• The Final Fantasy series has Gysahl Greens, which Chocobos eat. In Final Fantasy XII, it's implied that humans can safely eat them, too. Final Fantasy XII also has cactus fruit and an otherwise-undefined undefined "succulent fruit" as loot.
  • In the Fallout series, the fruit most people eat is a mutant plant called a mutfruit. The Fallout 3 DLC Point Lookout features the Punga fruit, which the local tribals cultivate, worship, and trade.
  • Dwarf Fortress has mostly mundane plants such as bilberries, but a few unusual ones turn up, most notably underground crops such as the subterranean mushrooms known as plump helmets, the cloth-providing pig tails, or dimple cups, which can be ground into dye.
  • The Crash Bandicoot franchise has Wumpa fruit, Crash's Trademark Favourite Food. They appear to be a cross between apples, peaches, and mangoes and have purple (or yellow) juice. In most games, collecting 100 of them will grant Crash an extra life, and in others, they refill his health bar. Even more bizarrely, they're also used by Crash as pretty painful Edible Ammunition.
  • In Wild ARMs 3, healing items are various fruits and vegetables, and extremely rare until you get access to a garden, which allows you to grow all you like.
  • Slime Rancher has a number of different fruits and vegetables you can feed to your slimes, and all are pretty bizarre (except for the carrots). Heart-shaped beets, pears with spikes, mint-flavored mangoes, metallic parsnips, lemons that exist partly out of phase with our reality...
  • The Legend of Zelda: Breath of the Wild:
    • Voltfruit, the various forms of Safflina, and various supernatural species of mushroom provide buffs when cooked into food.
    • However, there is one notable downplayed example. Real-life acorns are technically edible... if you first grind them to a pulp and then put the pulp in a sack in a stream of running water for a week to leach out the extremely bitter tannins. Presumably the acorns in the game are specially bred Hyrulian sweet acorns.

  • In Poharex there's the Blue Fruit, which grow only in a certain valley, and cause addiction, madness, and eventually paralysis.
  • The Lydian Option features both a cafeteria full of "cross-nutritional" foods for multiple species and a highly addictive alien fruit.

    Web Games 
  • Neopets uses an assortment of them.
  • Subeta has the Ikumoradeekanox tree, which itself is kinda bizarre-looking. (Blue bark with white spots, no leaves to speak of) Once a day, you can pick a fruit from it. Sometimes the fruit is mundane and familiar, but more often it's a very weird fruit. (You don't get to choose which fruit it is, though; it's random.)

    Web Original 

    Western Animation 
  • Anything the Kiwi can grow on Galaxy Rangers. An episode involved trees that grew nutritious marshmallows.
  • In one episode of Futurama, among the gifts given to Fry after he leaves the Planet Express to sleep in Bender's apartment is a miniature fruit salad tree offered by Leela. Fry picks a tiny banana among the half-inch sized fruits, eats it, and tosses the skin on the floor (which Amy promptly slips on).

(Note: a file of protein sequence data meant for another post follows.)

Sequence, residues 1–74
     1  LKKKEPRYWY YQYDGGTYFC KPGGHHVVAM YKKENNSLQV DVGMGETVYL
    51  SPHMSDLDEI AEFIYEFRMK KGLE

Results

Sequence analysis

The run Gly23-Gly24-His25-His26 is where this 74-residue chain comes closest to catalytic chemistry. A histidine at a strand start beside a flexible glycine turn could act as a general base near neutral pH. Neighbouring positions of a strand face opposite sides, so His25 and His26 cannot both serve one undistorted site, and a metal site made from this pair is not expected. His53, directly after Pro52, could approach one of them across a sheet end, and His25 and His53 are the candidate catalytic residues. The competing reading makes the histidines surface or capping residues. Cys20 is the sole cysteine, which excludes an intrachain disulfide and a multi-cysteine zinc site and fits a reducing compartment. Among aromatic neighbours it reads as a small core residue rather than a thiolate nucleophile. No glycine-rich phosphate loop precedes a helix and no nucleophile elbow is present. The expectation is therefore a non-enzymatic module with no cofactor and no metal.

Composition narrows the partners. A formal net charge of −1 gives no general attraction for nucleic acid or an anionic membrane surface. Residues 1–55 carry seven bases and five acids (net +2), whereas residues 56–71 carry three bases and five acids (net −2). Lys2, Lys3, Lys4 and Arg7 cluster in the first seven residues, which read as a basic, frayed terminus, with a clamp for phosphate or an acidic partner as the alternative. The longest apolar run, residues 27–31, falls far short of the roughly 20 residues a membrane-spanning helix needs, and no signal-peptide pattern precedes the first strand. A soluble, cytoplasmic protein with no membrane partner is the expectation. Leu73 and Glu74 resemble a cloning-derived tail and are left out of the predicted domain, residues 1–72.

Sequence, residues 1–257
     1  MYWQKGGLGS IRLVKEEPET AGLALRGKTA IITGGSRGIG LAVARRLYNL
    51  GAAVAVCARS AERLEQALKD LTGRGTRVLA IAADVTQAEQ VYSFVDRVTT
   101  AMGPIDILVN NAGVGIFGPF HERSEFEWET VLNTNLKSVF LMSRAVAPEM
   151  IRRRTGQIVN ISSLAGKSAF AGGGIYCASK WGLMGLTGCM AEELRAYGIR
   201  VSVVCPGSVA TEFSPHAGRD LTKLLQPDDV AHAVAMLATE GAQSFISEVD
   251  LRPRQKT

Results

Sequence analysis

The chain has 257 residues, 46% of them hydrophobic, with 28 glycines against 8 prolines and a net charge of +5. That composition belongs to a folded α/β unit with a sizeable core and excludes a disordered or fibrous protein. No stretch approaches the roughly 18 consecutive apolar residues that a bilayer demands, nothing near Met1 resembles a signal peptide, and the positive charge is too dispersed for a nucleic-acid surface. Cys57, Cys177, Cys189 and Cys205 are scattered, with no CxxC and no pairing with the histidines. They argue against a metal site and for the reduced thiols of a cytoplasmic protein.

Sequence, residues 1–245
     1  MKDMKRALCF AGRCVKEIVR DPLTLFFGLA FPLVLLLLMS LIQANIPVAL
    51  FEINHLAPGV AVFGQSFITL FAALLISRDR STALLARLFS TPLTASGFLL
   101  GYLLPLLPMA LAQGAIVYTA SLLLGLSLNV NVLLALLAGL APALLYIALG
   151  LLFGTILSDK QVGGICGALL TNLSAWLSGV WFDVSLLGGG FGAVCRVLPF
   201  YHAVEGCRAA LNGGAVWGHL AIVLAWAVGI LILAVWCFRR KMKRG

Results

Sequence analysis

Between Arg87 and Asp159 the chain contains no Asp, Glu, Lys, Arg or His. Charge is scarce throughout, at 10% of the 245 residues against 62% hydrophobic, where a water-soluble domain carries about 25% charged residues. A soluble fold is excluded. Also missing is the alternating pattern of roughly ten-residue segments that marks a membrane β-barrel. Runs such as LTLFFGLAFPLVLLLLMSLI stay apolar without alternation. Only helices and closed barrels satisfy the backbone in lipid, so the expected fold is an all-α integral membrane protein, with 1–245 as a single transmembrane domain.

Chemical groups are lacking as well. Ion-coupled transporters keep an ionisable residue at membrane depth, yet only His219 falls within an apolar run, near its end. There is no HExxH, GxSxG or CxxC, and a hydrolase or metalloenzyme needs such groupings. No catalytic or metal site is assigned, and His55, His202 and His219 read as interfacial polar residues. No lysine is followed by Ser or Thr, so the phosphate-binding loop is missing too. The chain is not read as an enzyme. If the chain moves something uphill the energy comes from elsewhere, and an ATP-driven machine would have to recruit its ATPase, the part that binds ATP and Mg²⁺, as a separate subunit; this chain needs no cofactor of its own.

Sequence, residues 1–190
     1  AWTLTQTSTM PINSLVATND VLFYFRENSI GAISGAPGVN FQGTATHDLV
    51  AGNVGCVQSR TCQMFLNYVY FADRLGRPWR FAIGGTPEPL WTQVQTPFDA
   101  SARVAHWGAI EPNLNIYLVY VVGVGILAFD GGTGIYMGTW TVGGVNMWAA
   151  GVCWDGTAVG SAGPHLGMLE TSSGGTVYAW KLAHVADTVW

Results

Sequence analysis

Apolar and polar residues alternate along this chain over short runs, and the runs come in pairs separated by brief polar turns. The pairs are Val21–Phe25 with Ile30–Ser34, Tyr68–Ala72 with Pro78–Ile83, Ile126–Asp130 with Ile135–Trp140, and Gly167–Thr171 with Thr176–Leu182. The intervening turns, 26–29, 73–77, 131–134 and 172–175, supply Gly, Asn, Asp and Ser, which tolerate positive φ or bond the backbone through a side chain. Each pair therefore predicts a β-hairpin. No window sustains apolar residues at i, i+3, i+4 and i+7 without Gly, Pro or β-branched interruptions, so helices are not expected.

• Beast Machines: in the episode "Forbidden Fruit" one of their newest team members, a techno-organic vehicon with a bat mode named Nightscream, offers the members fruits from a towering organic fruit tree to help their organic components. However, the fruit magnifies their bestial sides that dominate over their robotic minds, turning them animalistic and feral. The maximals are restored when Cheetor (the only one who rejected the fruit out of misguided suspicion of Nightscream) cuts down the tree's trunk.
  • Much of the action in the My Little Pony: Friendship Is Magic episode "Family Appreciation Day" involves the Apple family being busy with the harvest of Zap Apples, a magical breed of apple that sprouts delicious rainbow-colored fruit... fruit which only grows following a series of ominous-looking signs, and which disappears not long after if it's not picked as soon as possible.
  • In The Greatest Adventure: Stories from the Bible, the Forbidden Fruit from the Garden of Eden is depicted as looking like a beet with a yellow top (only it grows from a tree, not in the ground.) Similarly, the Tree of Life's fruit (the antidote to the Tree of Knowledge) looks rather like an eggplant. Justified, in that it's not known what these fruits were or might have been based on. note 
  • The world of Avatar: The Last Airbender, Land of Mix-and-Match Critters such as platypus-bears and wolfbats, apparently also has "tomato-carrots."
  • The Legend of Korra briefly showed "Cucumber-quats" (presumably a cucumber/kumquat hybrid).
  • Korgoth of Barbaria had plum-like fruits that make whoever eats them explode violently.
  • The Simpsons once managed to create tomato/tobacco hybrids. They looked like tomatoes, but where brown on the inside and highly addictive. Every plant save one was eaten by local wildlife and the last one ended up in the hands of the tobacco industry. They really did appreciate it though.
  • The Member Berries of South Park are grapes with human faces that continually talk about how great the past was, in order to create nostalgia in humans. They're annoying enough when giving paeans to Star Wars ad nauseam, but they also praise all the things from the past that modern society judges unacceptable.